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November 24, 2014
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Oscar-honoured Godfather cinematographer Gordon Willis dies

Gordon Willis, one of Hollywood’s most celebrated and influential cinematographers, nicknamed “The Prince of Darkness” for his subtle but indelible touch on such definitive 1970s releases as The Godfather, Annie Hall and All the President’s Men, has died. He was 82.

“This is a momentous loss,” American Society of Cinematographers President Richard Crudo told Deadline. “He was one of the giants who absolutely changed the way movies looked.”

Wilis retired after the 1997 movie The Devil’s Own. Through much of the 1970s, Willis was the cameraman whom some of Hollywood’s top directors relied on during one of filmmaking’s greatest eras. Francis Ford Coppola used him for the first two Godfather movies, Woody Allen for Annie Hall and Manhattan and Alan J. Pakula for Klute and All the President’s Men.

During a remarkable run from 1971 to 1977, films he worked on won 19 Oscars and were nominated 39 times, from best picture for The Godfather and Annie Hall to acting for Jane Fonda in Klute and John Houseman in The Paper Chase. Yet Willis never won a competitive Oscar and was nominated just twice, for Allen’s Zelig and for Coppola’s The Godfather, Part III, which came out in 1990.

An outsider by choice, Willis refused to live in California and told People magazine in 1983 that he had no interest in being rewarded “for spending time on the golf course or attending dinner parties.”

The academy presented him an honourary award in 2009, noting “his willingness to fly in the face of convention.”

Few directors of photography so ably demonstrated that a story could be told through the picture itself, whether the hushed, darkened opening of The Godfather; the bland, jaded sunshine of Los Angeles in Annie Hall or the shadowy encounters with Deep Throat in All the President’s Men. He liked filming in the late afternoon, when the sun was dimming, and had a feel for capturing melancholy and the distant past.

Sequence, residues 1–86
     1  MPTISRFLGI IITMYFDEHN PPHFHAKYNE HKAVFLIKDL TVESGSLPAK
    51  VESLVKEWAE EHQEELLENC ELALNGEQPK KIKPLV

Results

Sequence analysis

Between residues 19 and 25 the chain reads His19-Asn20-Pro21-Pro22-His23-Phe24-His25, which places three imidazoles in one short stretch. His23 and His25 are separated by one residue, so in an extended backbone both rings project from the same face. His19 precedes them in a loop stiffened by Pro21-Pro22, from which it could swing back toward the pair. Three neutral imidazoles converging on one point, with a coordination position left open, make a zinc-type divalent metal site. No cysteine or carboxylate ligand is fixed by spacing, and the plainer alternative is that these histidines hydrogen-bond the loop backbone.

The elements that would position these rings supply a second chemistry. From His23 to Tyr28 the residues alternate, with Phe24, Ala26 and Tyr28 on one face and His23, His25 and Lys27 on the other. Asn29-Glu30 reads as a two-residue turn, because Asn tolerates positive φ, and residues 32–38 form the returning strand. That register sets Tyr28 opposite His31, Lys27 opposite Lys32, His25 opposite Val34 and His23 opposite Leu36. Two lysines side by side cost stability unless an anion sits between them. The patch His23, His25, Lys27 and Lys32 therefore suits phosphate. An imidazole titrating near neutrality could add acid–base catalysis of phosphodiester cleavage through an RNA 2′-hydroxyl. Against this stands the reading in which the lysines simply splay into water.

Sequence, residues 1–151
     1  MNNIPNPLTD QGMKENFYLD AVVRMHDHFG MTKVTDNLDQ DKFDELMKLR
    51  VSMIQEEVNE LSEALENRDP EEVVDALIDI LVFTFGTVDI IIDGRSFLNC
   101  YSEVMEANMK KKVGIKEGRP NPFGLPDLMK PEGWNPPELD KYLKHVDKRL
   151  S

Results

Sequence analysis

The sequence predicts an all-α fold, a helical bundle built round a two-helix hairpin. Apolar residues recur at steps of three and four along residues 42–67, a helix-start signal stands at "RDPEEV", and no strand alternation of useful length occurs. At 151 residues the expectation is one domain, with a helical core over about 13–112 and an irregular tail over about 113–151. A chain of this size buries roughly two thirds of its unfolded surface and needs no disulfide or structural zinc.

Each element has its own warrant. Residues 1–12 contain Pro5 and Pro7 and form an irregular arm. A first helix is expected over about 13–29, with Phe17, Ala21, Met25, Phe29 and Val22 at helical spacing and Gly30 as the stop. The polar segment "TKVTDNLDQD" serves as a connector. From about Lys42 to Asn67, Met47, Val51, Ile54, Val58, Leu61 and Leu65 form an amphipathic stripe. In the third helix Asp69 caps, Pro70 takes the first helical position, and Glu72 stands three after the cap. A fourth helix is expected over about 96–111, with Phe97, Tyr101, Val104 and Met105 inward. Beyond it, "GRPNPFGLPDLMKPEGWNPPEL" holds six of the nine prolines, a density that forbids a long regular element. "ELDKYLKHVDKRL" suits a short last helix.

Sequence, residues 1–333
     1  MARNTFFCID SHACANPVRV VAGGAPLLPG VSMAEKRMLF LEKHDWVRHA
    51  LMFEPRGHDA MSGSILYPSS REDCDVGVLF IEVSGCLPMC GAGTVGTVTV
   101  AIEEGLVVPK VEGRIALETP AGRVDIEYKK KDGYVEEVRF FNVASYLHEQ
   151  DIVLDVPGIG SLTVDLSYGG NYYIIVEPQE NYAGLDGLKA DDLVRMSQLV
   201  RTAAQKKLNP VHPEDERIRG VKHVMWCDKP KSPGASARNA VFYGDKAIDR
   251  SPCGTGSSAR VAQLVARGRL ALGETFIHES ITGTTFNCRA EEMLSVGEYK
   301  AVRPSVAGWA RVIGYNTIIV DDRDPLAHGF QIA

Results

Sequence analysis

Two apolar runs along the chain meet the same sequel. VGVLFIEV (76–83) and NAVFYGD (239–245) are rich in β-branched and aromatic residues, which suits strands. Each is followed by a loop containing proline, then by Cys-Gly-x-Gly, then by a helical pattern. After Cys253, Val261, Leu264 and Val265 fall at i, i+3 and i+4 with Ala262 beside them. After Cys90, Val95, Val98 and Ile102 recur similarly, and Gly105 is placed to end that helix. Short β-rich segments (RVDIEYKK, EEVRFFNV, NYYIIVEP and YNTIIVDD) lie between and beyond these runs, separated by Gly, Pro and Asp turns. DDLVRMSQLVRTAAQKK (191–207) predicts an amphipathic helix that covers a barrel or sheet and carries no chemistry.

Willis’ trademarks were simplicity, the contrast of light and dark and a willingness to break the rules. He would remember encountering resistance during the first Godfather movie when he suggested obscuring Marlon Brando’s features and was told that was not the way things were done.

“That’s not a good enough reason,” Willis later said. “There were times when we didn’t want the audience to see what was going on in there (Brando’s eyes), and then suddenly, you let them see into his soul for a while.”

He continued to collaborate with Allen in the ‘80s, filming in black and white for the period film Broadway Danny Rose and indulging pure make-believe with the mockumentary Zelig.

Allen said in a statement, “Gordy was a huge talent and one of the few people who truly lived up to all the hype about him.”

Willis had a far rougher relationship with the mercurial Coppola, who savoued excess as much as Willis valued restraint. They clashed often during the first Godfather as Coppola encouraged the actors to improvise and Willis worried about falling behind schedule. Coppola complained at the time that Willis was grumpy, but also called him a genius.

Willis ended his career with Pakula’s The Devil’s Own, later explaining he got “tired of trying to get actors out of trailers, and standing in the rain.”

Herald with AP , Reuters

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